For some people, the worst part of a blood test is not the needle – it’s waiting for the results. Every second can feel like an eternity when you’re waiting for an important diagnosis. At WakeMed’s flagship hospital and campus in Raleigh, North Carolina, though, something different is in the air.
Flying at speeds up to 43 mph and able to carry payloads of up to five pounds, Matternet M2 drones will transport medical samples taken from the doctor’s office and deliver them to the central lab on campus. These unmanned aerial vehicles will supplement transport services provided by courier cars and reduce transit time to less than five minutes. UPS, in collaboration with drone manufacturer Matternet, the FAA and the North Carolina Department of Transportation, will manage this new program.
Here’s a hypothetical example of what an unmanned aerial vehicle might do on the WakeMed campus: Emily, a type 1 diabetic, is pregnant with her first child. Her doctor is monitoring her pregnancy closely because she takes insulin to manage her diabetes. At her 20 week appointment, they take a sample of her blood to check her A1C levels.
Emily’s blood will be sealed in a bag and then locked inside the Matternet M2 quadcopter payload box. The drone will fly along a predetermined flight path, monitored by a specially trained Matternet Remote Pilot-in-Command and UPS airline personnel, to a fixed landing pad at WakeMed’s central pathology lab. Guided by GPS navigation, the drone can operate in winds up to 11 mph and moderate rain or snow. If needed, the operator could interrupt the flight and send the drone to a safe location. Thankfully, the weather is clear during this particular flight.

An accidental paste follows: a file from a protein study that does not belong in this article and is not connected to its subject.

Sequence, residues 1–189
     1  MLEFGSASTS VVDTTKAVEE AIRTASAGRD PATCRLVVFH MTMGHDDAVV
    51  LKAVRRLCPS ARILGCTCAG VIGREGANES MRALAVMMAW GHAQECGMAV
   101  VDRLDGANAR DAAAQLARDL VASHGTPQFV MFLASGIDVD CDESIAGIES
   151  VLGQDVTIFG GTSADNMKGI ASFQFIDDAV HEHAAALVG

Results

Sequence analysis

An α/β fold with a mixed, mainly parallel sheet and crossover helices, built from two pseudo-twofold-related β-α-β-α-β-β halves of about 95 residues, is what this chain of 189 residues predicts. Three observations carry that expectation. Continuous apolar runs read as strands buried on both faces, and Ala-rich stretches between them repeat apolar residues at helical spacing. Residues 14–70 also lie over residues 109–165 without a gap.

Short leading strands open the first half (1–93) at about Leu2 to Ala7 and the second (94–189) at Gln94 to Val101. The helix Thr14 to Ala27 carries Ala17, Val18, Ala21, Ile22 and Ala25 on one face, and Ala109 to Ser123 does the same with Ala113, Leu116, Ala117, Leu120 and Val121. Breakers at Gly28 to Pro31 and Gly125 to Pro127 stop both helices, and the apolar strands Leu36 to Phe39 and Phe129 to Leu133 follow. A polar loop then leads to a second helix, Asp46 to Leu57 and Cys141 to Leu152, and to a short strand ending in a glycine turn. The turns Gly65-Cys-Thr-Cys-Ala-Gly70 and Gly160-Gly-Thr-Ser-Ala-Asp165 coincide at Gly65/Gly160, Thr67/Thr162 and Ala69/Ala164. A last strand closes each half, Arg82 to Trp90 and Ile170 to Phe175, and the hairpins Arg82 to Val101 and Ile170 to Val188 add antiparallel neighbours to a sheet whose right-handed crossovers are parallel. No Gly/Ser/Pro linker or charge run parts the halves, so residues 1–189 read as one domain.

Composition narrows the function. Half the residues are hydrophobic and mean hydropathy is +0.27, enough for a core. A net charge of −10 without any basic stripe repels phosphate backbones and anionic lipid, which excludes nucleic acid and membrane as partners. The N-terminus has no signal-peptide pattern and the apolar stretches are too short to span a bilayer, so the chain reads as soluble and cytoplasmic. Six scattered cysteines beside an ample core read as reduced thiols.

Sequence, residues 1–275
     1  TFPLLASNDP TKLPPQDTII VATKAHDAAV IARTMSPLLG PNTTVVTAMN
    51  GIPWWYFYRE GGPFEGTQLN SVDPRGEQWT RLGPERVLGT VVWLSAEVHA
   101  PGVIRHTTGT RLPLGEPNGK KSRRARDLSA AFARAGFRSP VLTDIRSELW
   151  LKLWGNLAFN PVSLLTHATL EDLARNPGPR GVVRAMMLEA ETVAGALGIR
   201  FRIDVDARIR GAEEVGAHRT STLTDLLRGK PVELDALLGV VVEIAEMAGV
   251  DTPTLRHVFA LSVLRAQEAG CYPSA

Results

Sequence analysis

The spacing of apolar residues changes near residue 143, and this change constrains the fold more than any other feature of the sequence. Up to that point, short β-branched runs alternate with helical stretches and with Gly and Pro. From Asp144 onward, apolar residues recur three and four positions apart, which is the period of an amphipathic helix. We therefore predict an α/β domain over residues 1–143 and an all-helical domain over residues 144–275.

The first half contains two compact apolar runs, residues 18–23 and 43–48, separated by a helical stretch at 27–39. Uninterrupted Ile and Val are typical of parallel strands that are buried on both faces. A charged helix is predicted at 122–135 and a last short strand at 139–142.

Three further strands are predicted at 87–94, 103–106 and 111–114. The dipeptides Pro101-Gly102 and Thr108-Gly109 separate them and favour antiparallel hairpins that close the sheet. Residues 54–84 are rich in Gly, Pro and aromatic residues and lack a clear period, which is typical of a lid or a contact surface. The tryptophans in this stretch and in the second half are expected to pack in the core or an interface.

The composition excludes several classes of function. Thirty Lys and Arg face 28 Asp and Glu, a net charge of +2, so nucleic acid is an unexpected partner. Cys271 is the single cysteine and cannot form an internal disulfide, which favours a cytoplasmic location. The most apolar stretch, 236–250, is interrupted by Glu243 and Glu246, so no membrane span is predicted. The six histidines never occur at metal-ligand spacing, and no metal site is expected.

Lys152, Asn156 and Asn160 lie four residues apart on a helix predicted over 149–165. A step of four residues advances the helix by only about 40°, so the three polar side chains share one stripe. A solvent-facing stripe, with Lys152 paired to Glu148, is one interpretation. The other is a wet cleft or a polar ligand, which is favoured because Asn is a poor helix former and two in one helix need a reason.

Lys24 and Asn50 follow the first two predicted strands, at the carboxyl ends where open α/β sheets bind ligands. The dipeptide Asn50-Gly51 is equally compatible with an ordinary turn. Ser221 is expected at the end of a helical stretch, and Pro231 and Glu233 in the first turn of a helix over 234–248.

Approximately three minutes after takeoff, the drone touches down safely on the pathology lab landing pad. A lab technician retrieves the sample and starts testing Emily’s blood.
From Emily's perspective, using a drone to expedite her blood test makes sense intuitively. From a business perspective, though, medical drones will do more than decrease lab turnaround time; they may also make the healthcare supply chain more efficient. “Using drones to bring blood and other diagnostic specimens from medical facilities to central labs may provide faster, more predictable turnaround of test results, and more efficient lab operations,” says Chris Cassidy, UPS president of Global Healthcare and Life Sciences Strategy. The learnings from this program will inform how healthcare technology can be applied to improve transportation services at other hospitals. “This technology allows hospital systems to transport medical items at an unprecedented level of speed and predictability, resulting in improved patient care and operational savings,” says Matternet CEO, Andreas Raptopoulos.
“Drone transport will improve speed of deliveries, enhance access to care and create healthier communities,” says Dr. Stuart Ginn, WakeMed physician and medical director of WakeMed Innovations. As healthcare technology advances, the sky is the limit for medical drones. For Emily, that’s good news: her diabetes is well managed and she’ll be welcoming a healthy baby boy in a few months.
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